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The Sportsman of the Day
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By Bob Frantz
Terry Francona is a rock star. Well, as close to a rock star as a Major League Baseball manager can be in today's world.
After all, when there are superstar players earning hundreds of millions of dollars in their contracts, and mediocre players cashing in at the old superstar levels, managers will always be underlings to the stars on his roster.
But we already knew that.
Still, the Indians' new skipper, with two world championships on his sparkling resume, and the respect and loyalty of his players and opponents alike, is just about as good as it gets in MLB.
When GM Chris Antonetti and club President Mark Shapiro were able to lure the former Red Sox manager to Cleveland, most fans were cautiously optimistic that his league-wide appeal might be enough to influence a high value free agent or two to join him in what is known throughout baseball as a place where championship dreams go to die.
The thinking was that players who ordinarily wouldn't even glance in Cleveland's direction might take a second look and say, "If it's good enough for Tito, then maybe I ought to at least check it out."
Well, Nick Swisher, Mark Reynolds, Brett Myers and Michael Bourn later, it looks like that thinking was prophetic. The signing of Francona may prove to be the single most important acquisition and investment Larry and Paul Dolan have made in more than a decade.
But I doubt it.
As comforting as it would be to say that the likable Francona has been responsible for a small-to-mid market team turning into a major player on the free agent stage by the virtue of his past success and charming personality, it's probably not true.
The reality is that the bottom line, when it comes to recruiting free agents, is the bottom dollar.
In other words, the 117 million free-agent dollars the club has spent on Reynolds, Myers, Swisher and Bourn would just as likely have landed the same players if Sandy Alomar — or Manny Acta — were the manager instead of the high-profile Francona.
Money talks, and it usually dictates where free agents walk.
That's not to diminish the role Francona will be playing in what Cleveland hopes will be the clubs resurrection in 2013, because the winning aura that he brings with him will be extraordinarily significant for this club. He knows how to win, he has won, and everything he says and does suggests he has every intention of winning again.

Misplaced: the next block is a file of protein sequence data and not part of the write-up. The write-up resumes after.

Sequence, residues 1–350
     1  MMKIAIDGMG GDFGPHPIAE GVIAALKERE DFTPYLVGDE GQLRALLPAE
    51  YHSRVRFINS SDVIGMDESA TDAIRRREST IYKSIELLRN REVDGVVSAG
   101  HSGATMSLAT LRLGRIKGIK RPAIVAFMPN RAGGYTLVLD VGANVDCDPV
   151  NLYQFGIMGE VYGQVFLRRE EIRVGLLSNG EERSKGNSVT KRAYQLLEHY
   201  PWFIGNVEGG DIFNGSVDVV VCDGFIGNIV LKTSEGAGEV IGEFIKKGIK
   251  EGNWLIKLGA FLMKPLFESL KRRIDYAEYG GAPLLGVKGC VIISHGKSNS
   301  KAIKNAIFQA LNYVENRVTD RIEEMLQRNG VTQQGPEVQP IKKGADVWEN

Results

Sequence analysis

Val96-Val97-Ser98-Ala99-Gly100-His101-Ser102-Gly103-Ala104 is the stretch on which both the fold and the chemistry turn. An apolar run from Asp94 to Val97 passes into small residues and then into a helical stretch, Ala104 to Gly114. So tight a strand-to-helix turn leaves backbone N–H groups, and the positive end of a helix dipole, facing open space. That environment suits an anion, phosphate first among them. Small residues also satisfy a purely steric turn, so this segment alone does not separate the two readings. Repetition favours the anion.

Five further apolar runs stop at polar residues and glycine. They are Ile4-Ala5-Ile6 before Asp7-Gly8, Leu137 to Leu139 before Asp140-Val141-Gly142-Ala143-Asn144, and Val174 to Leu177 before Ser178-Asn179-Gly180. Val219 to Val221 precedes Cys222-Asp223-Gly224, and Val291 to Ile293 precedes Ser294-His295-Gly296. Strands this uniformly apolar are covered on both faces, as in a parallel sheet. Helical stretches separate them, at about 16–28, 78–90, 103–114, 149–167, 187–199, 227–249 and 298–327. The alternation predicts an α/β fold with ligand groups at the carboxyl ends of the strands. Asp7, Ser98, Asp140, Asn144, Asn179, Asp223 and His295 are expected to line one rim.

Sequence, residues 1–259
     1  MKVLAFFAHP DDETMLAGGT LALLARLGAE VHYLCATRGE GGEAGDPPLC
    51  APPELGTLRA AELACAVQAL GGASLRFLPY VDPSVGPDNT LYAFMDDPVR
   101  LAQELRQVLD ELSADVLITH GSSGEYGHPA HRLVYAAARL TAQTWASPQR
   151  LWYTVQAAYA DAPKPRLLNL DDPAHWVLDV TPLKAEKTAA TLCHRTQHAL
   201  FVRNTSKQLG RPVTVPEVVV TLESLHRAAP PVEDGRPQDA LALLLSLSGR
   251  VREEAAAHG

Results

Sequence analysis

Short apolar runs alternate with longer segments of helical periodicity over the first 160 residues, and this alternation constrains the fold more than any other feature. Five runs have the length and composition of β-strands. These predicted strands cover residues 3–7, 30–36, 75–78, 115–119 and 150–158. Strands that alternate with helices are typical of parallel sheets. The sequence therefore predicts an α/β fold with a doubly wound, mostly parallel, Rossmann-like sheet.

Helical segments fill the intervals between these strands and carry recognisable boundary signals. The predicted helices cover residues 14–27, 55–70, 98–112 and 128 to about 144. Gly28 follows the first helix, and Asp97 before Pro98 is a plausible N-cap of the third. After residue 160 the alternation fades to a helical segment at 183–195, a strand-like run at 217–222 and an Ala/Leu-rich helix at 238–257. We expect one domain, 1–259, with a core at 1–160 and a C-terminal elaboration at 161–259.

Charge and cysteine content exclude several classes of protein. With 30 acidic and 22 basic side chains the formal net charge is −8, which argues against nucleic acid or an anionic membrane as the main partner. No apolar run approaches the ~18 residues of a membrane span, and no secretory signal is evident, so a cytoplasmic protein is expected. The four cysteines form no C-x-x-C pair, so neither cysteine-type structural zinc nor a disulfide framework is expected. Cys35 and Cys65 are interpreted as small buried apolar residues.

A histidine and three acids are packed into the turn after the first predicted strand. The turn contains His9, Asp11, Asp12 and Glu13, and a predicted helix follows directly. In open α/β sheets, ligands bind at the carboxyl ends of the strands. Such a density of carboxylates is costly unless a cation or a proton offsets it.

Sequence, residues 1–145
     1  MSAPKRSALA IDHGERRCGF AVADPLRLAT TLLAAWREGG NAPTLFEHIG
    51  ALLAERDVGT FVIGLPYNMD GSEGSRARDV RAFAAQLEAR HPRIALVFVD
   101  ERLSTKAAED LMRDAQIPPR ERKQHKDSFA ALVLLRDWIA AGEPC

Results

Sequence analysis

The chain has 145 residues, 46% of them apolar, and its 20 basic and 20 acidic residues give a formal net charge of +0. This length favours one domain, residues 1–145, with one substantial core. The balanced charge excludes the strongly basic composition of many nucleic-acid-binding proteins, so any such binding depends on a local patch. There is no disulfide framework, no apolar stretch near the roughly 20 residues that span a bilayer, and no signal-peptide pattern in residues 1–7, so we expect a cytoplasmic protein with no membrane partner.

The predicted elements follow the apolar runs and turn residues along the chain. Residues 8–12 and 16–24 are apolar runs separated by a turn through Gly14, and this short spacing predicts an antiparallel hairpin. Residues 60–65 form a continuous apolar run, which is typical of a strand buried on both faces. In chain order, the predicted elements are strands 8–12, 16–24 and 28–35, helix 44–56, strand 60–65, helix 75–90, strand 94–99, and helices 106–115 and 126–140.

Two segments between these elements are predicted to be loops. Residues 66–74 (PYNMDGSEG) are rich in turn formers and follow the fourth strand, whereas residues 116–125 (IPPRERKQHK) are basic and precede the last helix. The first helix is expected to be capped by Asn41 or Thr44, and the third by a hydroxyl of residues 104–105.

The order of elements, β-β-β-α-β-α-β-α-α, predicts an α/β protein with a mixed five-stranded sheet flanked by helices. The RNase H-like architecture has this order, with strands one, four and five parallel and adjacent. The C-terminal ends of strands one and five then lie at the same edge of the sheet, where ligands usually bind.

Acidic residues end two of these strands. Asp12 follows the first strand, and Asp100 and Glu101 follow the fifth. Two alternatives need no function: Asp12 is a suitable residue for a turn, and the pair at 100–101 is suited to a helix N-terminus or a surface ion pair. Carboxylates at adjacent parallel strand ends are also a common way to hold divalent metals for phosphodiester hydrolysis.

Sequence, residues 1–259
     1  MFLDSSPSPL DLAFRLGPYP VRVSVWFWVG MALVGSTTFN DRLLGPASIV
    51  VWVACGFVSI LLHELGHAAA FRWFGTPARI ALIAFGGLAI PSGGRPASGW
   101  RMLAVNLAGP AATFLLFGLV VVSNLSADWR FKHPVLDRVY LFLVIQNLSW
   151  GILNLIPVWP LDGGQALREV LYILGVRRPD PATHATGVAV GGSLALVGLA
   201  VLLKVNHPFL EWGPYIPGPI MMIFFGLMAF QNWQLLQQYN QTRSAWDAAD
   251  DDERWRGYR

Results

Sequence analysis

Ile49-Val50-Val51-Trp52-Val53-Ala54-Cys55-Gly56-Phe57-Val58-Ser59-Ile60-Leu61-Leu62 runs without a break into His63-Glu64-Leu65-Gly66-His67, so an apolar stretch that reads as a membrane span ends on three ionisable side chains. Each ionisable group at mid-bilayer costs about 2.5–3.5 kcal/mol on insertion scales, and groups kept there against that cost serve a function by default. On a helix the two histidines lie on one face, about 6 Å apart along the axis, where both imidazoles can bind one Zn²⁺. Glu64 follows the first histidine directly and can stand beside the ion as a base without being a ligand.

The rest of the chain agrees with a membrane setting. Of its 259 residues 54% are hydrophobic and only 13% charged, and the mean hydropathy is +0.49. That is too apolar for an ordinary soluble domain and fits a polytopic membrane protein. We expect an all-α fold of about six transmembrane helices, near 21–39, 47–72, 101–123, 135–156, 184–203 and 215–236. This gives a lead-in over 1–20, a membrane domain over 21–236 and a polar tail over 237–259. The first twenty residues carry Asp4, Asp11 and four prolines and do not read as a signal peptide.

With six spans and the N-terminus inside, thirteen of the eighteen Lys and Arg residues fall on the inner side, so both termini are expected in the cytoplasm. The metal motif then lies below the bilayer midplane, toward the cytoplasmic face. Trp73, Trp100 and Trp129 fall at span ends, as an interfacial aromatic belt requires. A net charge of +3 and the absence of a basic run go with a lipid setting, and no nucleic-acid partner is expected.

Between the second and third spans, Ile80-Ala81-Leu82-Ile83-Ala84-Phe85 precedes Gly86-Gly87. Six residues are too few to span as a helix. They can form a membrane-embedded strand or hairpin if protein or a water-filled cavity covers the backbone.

That's huge. And it makes Cleveland more of a desirable place for free agents and/or veterans who may be ticketed for Northeast Ohio in trade deals, including the likes of Drew Stubbs and Trevor Bauer.
At the end of the day, however, it always comes back to the dollars, and Antonetti finally got the green light from Indians' ownership to spend them. A lot of them.
Sadly, the massive contracts given this offseason to Swisher, who will be the Indians' everyday first baseman, and Bourn, who will start in center, far exceed their actual value, and may in time actually hurt the club's chance to compete toward the end of their deals. But that's how the game is played today. To improve a team's lineup or starting rotation in this age, a GM must be prepared to drastically overpay average to above-average talent.
Swisher, for example was a major part of the Yankees' lineup for the last several years, but he was never the centerpiece of it. His job will be far more difficult as the cleanup hitter in Cleveland, and even with decent production from the Ohio native, the Tribe will be hard-pressed to get equal value for their contract commitment.
The two-time All-Star Bourn is a terrific defensive player who is electric on the base paths, but $12 million per year for a career .270s hitter with very little power is just this side of insane.
And yet the Indians were right to give it to him.
For the first time in years, the Dolans have handed the checkbook to the GM and told him to do what he needed to do. They appear to be pouring the profits from the sale of SportsTime Ohio to Fox Sports Ohio right into the on-field product, and the fans have taken notice.
Season ticket sales for the Tribe are up 50 percent over last year at the same date, with sales on Tuesday alone equaling numbers typically earned in an entire offseason month.
It's the marriage that the club and its fans have been waiting for, with fans buying tickets to support an owner that is spending, and an owner willing to spend when he knows ticket revenue is coming in.
In other words, the complete opposite of the chicken-and-egg argument held in sports columns and on talk radio for the last six years.
Regardless of how the upcoming season ends in the standings, congratulations are in order for the Dolans, as well as Antonetti and Shapiro, for giving fans what they've been demanding, knowing that with high risk comes the potential for very high rewards.
Bob Frantz hosts "The Bob Frantz Show" on WTAM-AM 1100 from 7 p.m. to midnight weeknights, and following Cavaliers, Indians and Browns games.